Diagnosis and prediction of COVID-19 severity: can biochemical tests and machine learning be used as prognostic indicators?

Comput Biol Med. 2021 Jul;134:104531. doi: 10.1016/j.compbiomed.2021.104531. Epub 2021 May 29.

Abstract

Objective: This study aimed to implement and evaluate machine learning based-models to predict COVID-19' diagnosis and disease severity.

Methods: COVID-19 test samples (positive or negative results) from patients who attended a single hospital were evaluated. Patients diagnosed with COVID-19 were categorised according to the severity of the disease. Data were submitted to exploratory analysis (principal component analysis, PCA) to detect outlier samples, recognise patterns, and identify important variables. Based on patients' laboratory tests results, machine learning models were implemented to predict disease positivity and severity. Artificial neural networks (ANN), decision trees (DT), partial least squares discriminant analysis (PLS-DA), and K nearest neighbour algorithm (KNN) models were used. The four models were validated based on the accuracy (area under the ROC curve).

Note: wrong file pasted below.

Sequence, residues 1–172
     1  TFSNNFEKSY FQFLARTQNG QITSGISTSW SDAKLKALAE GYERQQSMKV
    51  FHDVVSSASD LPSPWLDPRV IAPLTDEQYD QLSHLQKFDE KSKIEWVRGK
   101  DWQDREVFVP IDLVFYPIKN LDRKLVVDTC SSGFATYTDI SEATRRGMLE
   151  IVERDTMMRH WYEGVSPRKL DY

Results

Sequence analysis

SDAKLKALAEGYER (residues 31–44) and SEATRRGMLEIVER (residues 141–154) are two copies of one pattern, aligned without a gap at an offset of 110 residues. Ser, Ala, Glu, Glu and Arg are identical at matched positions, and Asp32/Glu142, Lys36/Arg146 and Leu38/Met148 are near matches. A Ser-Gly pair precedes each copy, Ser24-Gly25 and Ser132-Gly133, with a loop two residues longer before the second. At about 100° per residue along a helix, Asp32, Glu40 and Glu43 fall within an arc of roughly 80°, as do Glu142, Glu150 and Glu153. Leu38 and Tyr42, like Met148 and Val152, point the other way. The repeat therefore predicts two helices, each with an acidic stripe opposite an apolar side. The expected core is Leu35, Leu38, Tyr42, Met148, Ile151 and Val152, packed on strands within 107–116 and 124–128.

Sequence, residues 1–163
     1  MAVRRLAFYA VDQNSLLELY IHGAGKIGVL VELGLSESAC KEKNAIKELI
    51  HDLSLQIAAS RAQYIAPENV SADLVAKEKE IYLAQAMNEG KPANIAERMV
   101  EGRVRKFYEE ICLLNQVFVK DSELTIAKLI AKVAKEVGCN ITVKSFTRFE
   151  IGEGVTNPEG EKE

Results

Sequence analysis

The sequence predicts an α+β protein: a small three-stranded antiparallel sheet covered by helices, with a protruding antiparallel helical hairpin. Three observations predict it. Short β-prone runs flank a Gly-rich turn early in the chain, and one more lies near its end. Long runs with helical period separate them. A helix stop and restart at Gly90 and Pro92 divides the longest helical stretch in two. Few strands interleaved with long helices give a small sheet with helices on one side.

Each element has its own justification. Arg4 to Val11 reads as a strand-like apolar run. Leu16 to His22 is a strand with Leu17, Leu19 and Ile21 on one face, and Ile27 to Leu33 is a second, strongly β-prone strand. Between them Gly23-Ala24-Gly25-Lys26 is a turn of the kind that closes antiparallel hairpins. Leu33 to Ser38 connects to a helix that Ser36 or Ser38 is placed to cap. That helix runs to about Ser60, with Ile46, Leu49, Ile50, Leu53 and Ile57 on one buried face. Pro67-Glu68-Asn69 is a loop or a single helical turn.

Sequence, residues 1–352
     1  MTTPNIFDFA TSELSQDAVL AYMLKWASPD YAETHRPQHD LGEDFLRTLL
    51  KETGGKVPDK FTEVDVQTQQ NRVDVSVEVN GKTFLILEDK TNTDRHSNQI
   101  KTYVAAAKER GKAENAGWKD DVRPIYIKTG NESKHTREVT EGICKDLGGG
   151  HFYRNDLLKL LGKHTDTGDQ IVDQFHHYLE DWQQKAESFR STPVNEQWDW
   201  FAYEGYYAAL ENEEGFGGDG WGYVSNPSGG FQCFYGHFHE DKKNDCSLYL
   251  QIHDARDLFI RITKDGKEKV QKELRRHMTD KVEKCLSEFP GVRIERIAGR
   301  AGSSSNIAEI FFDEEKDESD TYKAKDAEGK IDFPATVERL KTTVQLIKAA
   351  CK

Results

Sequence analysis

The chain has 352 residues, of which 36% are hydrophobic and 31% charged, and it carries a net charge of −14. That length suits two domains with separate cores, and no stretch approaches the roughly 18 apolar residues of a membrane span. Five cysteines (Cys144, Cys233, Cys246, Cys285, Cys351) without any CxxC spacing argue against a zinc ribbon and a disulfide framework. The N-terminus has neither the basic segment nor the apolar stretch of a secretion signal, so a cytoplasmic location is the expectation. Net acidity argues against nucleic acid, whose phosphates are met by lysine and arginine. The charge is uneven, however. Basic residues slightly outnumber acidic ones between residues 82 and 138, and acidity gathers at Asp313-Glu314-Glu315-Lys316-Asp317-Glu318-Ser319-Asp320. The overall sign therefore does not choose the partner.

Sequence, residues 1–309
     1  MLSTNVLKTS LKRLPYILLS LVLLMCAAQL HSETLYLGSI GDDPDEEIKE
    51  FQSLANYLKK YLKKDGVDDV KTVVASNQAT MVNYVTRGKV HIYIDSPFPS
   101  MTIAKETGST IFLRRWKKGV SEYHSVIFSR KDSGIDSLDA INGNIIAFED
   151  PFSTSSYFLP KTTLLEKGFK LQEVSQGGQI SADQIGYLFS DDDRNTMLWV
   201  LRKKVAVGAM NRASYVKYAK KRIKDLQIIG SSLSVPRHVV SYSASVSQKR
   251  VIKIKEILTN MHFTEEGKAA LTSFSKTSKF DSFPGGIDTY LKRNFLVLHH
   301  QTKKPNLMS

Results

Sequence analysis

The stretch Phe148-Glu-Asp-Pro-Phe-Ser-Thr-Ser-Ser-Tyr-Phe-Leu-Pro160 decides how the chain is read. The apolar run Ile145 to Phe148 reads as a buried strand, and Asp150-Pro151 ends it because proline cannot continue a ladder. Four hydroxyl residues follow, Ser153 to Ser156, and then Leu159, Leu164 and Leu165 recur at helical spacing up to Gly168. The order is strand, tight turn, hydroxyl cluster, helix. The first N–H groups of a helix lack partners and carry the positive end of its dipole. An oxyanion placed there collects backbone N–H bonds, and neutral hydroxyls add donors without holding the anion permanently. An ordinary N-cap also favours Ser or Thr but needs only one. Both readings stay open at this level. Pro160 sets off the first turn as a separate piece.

Results: The first subset of data had 5,643 patient samples (5,086 negatives and 557 positives for COVID-19). The second subset included 557 COVID-19 positive patients. The ANN, DT, PLS-DA, and KNN models allowed the classification of negative and positive samples with >84% accuracy. It was also possible to classify patients with severe and non-severe disease with an accuracy >86%. The following were associated with the prediction of COVID-19 diagnosis and severity: hyperferritinaemia, hypocalcaemia, pulmonary hypoxia, hypoxemia, metabolic and respiratory acidosis, low urinary pH, and high levels of lactate dehydrogenase.

Conclusion: Our analysis shows that all the models could assist in the diagnosis and prediction of COVID-19 severity.

Keywords: Blood test; COVID-19; Diagnosis; Machine learning model; Severity; Urine test.

MeSH terms

  • COVID-19 Testing
  • COVID-19*
  • Humans
  • Machine Learning
  • Prognosis
  • SARS-CoV-2